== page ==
Last week I wrote an article on how authority isn’t necessary to lead. This week I thought I would have a public argument with myself and share my best attempt at a counterpoint to why authority IS vital for great results. Yes, I argue with myself often. 😉
Last Friday evening, my father and I had a rare adventure together; we went and saw the movie, “Lincoln”. I know that this may not sound like much of an adventure, but the last time my Dad and I saw a movie together – let’s just say the internet wasn’t around.
Since my ultimate goal with the content I create here is to start a revolution (just like the title of my company blatantly states) I’d be remiss not to learn a few things from one of the most important cultural changes in history. However, I’m also not foolish enough to draw direct parallel’s to the actual Civil War and my mission either. Two different ball-games.
With that said, I’m no expert on the Civil War nor on Lincoln himself. But, what I do find myself an expert on is empathizing with authority figures as they fail miserably at making changes in an organization’s culture. So, I’m going to take this flick at face value and share a single point that has broken many a well-meaning leader.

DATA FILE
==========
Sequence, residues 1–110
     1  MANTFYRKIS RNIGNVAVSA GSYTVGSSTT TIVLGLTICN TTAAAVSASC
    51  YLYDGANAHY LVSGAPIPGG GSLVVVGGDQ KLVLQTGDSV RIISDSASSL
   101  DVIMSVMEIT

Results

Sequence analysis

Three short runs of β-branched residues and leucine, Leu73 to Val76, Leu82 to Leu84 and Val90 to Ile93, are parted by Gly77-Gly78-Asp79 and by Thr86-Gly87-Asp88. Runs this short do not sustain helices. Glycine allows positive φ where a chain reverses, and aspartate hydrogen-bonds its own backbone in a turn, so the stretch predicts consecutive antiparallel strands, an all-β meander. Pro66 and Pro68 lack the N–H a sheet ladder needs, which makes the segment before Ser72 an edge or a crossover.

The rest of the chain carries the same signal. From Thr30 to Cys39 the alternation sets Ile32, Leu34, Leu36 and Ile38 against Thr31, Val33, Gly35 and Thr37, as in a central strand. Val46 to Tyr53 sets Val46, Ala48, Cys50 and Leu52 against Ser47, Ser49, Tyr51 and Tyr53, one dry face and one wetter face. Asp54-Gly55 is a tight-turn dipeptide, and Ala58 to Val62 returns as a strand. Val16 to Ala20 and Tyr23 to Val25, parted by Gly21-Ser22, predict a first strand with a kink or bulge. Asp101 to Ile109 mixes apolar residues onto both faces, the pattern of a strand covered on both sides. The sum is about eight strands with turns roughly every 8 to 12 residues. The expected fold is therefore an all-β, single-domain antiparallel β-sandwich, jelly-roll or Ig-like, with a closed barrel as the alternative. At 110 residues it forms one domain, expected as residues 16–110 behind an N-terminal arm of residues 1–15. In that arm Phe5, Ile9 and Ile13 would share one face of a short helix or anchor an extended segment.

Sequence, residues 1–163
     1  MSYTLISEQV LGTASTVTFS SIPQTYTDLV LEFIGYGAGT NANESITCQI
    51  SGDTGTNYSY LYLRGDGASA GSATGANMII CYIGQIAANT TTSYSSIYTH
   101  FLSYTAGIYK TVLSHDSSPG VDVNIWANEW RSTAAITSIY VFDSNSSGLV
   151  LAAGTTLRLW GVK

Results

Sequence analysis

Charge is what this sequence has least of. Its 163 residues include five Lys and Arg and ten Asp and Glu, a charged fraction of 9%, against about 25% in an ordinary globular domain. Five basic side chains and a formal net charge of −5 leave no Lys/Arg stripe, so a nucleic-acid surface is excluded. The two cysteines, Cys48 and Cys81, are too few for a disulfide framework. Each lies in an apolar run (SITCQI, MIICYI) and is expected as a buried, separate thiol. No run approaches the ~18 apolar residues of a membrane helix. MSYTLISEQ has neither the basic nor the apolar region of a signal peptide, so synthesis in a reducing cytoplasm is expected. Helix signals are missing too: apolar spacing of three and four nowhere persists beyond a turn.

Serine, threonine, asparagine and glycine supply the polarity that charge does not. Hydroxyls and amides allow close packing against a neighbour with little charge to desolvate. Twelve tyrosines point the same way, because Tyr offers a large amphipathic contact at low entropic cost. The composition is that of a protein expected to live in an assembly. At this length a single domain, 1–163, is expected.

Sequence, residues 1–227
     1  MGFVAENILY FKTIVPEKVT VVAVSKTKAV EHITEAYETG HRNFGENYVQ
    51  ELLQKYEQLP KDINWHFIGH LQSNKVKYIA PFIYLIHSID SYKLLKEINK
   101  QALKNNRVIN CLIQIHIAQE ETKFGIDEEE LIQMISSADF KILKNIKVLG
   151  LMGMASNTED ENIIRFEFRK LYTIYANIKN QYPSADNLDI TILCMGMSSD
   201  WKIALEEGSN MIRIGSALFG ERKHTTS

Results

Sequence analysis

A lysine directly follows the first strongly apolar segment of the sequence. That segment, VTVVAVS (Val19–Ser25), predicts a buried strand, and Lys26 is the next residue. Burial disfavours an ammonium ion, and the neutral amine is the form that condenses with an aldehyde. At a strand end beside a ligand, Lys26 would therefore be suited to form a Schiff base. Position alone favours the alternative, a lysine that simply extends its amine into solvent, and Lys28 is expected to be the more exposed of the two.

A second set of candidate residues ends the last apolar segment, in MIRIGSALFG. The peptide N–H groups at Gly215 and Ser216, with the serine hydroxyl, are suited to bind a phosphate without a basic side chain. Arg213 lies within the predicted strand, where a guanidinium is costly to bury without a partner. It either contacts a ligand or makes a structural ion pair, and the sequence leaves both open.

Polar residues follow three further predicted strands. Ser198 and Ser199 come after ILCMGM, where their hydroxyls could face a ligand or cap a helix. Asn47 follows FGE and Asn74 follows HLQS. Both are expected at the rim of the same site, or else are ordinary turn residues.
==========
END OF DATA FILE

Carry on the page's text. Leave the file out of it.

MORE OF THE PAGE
Authority matters; and here’s why:
In the movie, Lincoln did his absolute best to convince his political foes that slavery was wrong. A fact that seems so obvious to you and I that it’s almost ridiculous to consider now. Nonetheless, over 700,000 people lost their lives fighting to either change or preserve this cultural phenomena.
The movie plays heavily on the fact that Lincoln actually postponed peace to gain political advantage to get a bill passed that abolished slavery.
Lincoln knew that even if he won the war, the culture wouldn’t change unless it was forced to change. He needed the authority of the law.
Most organizations are very similar. While I’m a huge proponent of influencing your culture from your current position, I’m also hyper aware that the people in authority positions often have significantly more influence than any single individual. They make the laws.
And to face facts…sometimes that’s what it takes.
This is how it’s going to be from now on or your fired, will definitely get results.
The problem with this is it doesn’t tell a story or do any convincing. So, it automatically gets resistance.
Lincoln was a master storyteller. He was great at convincing. That’s why “Lincoln”, portrays the importance of both authority and influence. The balancing act that few leaders even attempt, let alone master.
So, I guess this isn’t as much of an argument as I thought. We were both right!
Question: How do YOU balance authority and influence?